In each of these areas of nuclear application, the Agency seeks to promote the development and application of techniques that serve the priorities of its Member States, with a focus on the special needs of developing countries. Where a nuclear technology is the most effective means of addressing a given problem, and where the recipient country has the necessary infrastructure, the Agency ensures that the technology is transferred safely and efficiently. In 1999, our technical co-operation programme amounted to approximately $64 million with more than 850 projects.

The IAEA Annual Report for 1999, which you have before you, provides a more detailed discussion of these and other Agency achievements.

Strengthening of the Safeguards System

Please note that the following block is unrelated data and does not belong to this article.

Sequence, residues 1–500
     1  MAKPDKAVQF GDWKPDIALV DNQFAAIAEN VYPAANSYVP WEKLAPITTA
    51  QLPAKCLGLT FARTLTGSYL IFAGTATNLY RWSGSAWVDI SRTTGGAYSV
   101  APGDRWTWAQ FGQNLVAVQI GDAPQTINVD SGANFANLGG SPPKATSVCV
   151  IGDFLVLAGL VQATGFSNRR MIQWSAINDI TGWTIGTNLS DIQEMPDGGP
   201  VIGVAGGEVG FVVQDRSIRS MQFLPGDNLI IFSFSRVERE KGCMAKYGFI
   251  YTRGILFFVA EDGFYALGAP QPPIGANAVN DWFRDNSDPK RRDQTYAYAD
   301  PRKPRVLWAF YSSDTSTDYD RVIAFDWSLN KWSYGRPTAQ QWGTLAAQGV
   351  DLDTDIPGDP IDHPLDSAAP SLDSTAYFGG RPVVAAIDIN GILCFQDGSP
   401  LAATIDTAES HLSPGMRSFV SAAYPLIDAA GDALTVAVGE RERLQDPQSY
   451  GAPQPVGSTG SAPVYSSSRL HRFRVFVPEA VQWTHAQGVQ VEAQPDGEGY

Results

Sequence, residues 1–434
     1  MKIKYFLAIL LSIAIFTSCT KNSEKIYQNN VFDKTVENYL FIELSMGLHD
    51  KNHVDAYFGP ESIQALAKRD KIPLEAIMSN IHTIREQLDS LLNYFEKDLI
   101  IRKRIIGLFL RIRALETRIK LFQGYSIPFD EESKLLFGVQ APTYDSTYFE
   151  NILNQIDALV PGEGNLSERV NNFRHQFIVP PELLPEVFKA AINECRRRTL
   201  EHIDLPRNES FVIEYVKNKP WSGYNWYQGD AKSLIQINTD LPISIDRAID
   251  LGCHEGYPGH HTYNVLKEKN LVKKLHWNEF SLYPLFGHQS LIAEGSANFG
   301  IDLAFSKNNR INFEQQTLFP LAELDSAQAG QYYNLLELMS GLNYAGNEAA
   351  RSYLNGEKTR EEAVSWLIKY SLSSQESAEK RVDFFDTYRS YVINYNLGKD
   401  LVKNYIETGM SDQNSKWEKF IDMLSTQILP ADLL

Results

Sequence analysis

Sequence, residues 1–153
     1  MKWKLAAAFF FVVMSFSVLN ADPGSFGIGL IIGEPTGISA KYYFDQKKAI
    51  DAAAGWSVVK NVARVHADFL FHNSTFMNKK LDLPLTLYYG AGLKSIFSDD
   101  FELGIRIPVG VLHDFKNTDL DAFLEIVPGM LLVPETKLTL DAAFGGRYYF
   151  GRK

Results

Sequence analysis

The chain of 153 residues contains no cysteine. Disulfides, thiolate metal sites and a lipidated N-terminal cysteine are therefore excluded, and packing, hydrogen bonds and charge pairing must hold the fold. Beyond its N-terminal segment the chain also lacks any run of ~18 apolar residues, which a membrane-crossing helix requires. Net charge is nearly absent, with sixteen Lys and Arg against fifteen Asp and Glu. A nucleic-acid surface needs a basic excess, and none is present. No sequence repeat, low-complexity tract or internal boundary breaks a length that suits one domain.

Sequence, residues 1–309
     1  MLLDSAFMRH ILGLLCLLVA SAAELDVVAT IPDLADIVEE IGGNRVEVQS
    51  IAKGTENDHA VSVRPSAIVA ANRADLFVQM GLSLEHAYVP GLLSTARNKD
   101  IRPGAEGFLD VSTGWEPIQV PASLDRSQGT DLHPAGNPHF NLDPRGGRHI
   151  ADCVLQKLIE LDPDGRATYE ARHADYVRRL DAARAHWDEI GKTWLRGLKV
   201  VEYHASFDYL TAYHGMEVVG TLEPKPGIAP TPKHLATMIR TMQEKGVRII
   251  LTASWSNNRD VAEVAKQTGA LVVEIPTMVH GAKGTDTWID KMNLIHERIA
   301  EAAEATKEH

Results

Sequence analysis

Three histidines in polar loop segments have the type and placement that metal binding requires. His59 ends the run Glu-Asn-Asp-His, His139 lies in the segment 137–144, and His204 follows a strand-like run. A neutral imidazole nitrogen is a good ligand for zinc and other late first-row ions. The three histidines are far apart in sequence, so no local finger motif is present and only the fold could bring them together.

The Agency’s safeguards system is designed to provide assurance that nuclear material and facilities are used exclusively for peaceful purposes. In recent years, we have strengthened our safeguards capabilities to enable us to provide assurance not only that declared nuclear material has not been diverted for non-peaceful purposes, but equally important, that no undeclared nuclear material or activities exist. This comprehensive assurance can only be provided, however, for States that have in force both a comprehensive safeguards agreement with the Agency and the complementary Additional Protocol. The Agency is also currently developing "integrated safeguards" — the optimum combination of traditional safeguards measures with the measures of the Additional Protocol to ensure a system that is cost efficient while achieving a high degree of effectiveness.